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Extraction of amino acids using supercritical carbon dioxide for in situ astrobiological applications

Published online by Cambridge University Press:  02 April 2018

Marlen Menlyadiev
Affiliation:
Jet Propulsion Laboratory, California Institute of Technology, Pasadena, CA 91109, USA
Bryana L. Henderson
Affiliation:
Jet Propulsion Laboratory, California Institute of Technology, Pasadena, CA 91109, USA
Fang Zhong
Affiliation:
Jet Propulsion Laboratory, California Institute of Technology, Pasadena, CA 91109, USA
Ying Lin
Affiliation:
Jet Propulsion Laboratory, California Institute of Technology, Pasadena, CA 91109, USA
Isik Kanik
Affiliation:
Jet Propulsion Laboratory, California Institute of Technology, Pasadena, CA 91109, USA
Corresponding
E-mail address:

Abstract

The detection of organic molecules that are indicative of past or present biological activity within the Solar System bodies and beyond is a key research area in astrobiology. Mars is of particular interest in this regard because of evidence of a (perhaps transient) warm and wet climate in its past. To date, space missions to Mars have primarily used pyrolysis technique to extract organic compounds from the Martian regolith, but it has not enabled a clear detection of unaltered native Martian organics. The elevated temperatures required for pyrolysis extraction can cause native Martian organics to react with perchlorate salts in the regolith, possibly resulting in the chlorohydrocarbons that have been detected by mass spectrometry, a commonly used in situ technique for space applications. Supercritical carbon dioxide (SCCO2) extraction technique is a powerful alternative to pyrolysis that may be capable of extracting and delivering unaltered native organic species to an analyser. In this study, we report the SCCO2 extraction of unaltered amino acids (AAs) with simple laboratory analyses of extracts by capillary electrophoresis laser-induced fluorescence (CE/LIF) and liquid chromatography with mass spectrometry (LC/MS) techniques. The extraction efficiencies of several representative AAs using SCCO2 with small amounts of pure water (~1–5%) as a co-solvent were determined. Glass beads were used as a model substrate to examine the effects of several experimental parameters and Johnson Space Center (JSC) Mars-1A Martian regolith simulant was used to study the effect of complex matrix on extraction efficiencies. With optimized experimental conditions (75C and 5% of water), extraction efficiencies from doped JSC Mars-1A were found to be ~40% for glycine, alanine and serine and ~10% for lysine. Extraction of native organics from undoped JSC Mars-1A suggests that SCCO2/water solvent system can extract both organics extractable with pure SCCO2 and those extractable with pure water. Additionally, species not extracted by either pure SCCO2 or pure water were extracted with SCCO2/water solvent. Despite the preliminary nature of this work, it paves the path for more comprehensive extraction studies of astrobiologically relevant samples with thorough analyses of resulting extracts.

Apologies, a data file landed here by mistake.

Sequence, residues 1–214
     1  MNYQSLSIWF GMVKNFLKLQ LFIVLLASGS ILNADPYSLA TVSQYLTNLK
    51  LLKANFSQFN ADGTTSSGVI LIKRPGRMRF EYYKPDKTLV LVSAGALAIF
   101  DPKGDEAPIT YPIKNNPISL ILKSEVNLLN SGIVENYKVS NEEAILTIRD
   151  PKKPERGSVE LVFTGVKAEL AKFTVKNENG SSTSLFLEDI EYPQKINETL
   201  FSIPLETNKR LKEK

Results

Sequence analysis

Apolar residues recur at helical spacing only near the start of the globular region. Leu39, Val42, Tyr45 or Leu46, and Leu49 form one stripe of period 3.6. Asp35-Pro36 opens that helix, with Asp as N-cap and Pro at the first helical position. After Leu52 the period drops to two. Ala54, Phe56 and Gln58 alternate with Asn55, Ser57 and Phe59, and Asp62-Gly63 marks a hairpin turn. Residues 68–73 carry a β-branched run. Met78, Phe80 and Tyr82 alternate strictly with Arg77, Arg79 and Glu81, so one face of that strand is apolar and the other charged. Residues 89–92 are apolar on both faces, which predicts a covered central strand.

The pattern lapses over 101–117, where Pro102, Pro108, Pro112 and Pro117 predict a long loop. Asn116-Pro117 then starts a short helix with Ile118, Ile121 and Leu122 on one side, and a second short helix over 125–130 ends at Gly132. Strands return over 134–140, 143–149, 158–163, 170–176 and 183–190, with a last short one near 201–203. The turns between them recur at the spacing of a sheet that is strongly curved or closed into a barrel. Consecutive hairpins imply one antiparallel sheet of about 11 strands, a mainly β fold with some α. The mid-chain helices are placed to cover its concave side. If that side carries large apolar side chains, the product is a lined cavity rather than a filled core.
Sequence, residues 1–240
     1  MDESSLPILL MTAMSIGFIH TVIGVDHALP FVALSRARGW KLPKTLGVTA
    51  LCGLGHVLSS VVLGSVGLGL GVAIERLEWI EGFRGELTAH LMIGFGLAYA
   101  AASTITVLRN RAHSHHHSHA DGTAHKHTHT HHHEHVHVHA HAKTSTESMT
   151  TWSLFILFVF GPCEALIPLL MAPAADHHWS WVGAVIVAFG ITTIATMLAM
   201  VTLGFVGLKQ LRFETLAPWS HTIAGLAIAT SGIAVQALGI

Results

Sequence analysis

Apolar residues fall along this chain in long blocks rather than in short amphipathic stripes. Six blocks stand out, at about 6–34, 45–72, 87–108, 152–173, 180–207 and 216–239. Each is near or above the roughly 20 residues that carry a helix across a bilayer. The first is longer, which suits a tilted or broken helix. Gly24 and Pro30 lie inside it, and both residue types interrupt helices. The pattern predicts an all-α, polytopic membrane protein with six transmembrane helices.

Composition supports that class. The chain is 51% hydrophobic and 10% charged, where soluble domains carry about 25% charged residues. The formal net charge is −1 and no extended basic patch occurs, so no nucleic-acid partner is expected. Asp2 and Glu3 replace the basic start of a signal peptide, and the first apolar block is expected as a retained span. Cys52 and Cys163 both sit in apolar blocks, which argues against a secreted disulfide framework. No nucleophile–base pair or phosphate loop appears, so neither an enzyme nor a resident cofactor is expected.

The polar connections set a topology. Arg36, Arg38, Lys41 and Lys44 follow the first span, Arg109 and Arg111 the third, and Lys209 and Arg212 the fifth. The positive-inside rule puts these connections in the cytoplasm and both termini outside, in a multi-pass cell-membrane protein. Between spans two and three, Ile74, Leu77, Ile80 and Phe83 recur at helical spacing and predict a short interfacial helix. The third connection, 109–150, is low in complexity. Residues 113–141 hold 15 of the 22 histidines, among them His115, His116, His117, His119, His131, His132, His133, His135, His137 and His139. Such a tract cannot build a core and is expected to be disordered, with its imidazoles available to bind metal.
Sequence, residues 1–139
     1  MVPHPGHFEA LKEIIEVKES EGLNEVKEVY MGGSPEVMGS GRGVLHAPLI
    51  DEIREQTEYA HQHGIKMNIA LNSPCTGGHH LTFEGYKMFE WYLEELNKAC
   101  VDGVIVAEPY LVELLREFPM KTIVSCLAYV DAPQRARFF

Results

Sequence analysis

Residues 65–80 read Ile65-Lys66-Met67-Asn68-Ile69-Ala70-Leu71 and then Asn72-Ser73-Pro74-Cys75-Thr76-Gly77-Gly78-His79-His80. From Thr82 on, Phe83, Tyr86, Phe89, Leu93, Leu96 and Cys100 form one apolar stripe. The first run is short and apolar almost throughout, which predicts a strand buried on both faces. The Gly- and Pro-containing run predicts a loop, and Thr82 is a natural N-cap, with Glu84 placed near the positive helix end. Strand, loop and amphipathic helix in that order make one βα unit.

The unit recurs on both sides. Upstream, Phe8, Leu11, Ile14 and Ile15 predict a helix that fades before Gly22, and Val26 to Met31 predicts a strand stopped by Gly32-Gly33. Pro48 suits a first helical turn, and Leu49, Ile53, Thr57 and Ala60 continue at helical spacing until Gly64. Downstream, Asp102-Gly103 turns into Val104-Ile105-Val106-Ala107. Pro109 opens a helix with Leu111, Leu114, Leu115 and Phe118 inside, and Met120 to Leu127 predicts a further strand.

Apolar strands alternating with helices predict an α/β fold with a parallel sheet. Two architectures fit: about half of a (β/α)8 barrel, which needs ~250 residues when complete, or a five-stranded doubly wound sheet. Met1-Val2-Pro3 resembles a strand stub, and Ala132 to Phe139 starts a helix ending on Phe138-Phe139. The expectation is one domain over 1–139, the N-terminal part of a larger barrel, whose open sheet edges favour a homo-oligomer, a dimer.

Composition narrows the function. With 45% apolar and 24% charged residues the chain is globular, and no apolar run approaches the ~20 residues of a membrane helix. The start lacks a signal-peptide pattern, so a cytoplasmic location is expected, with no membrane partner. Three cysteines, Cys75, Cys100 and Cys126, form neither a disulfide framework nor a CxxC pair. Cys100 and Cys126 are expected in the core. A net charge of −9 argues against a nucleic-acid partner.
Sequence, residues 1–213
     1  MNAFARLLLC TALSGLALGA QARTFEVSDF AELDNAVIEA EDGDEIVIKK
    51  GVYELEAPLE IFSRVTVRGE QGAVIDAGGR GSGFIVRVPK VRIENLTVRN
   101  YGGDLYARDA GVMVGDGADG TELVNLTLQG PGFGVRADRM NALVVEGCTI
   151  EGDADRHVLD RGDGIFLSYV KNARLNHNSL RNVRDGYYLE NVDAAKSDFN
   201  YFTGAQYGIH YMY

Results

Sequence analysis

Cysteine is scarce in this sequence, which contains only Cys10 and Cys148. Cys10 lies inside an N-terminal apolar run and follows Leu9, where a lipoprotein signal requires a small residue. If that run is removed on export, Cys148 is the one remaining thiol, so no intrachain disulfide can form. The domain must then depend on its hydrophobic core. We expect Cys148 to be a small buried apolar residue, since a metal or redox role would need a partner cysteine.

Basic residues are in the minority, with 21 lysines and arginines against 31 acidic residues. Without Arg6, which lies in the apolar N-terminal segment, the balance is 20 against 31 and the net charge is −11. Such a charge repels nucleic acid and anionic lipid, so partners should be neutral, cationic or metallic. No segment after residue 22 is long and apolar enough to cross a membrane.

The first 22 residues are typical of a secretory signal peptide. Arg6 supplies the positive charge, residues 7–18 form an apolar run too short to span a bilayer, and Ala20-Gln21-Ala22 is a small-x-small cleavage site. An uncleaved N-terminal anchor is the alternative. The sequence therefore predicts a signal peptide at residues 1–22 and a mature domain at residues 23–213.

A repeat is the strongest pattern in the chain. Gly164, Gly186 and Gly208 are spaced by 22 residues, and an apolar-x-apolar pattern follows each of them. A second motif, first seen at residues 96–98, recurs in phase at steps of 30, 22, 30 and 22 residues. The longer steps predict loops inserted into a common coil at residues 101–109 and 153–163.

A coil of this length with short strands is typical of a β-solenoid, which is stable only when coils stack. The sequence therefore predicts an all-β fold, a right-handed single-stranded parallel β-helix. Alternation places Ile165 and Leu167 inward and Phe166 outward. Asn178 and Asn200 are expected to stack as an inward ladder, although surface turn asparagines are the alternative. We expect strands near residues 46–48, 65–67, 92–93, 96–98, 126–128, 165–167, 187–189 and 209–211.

Type
Research Article
Copyright
Copyright © Cambridge University Press 2018 

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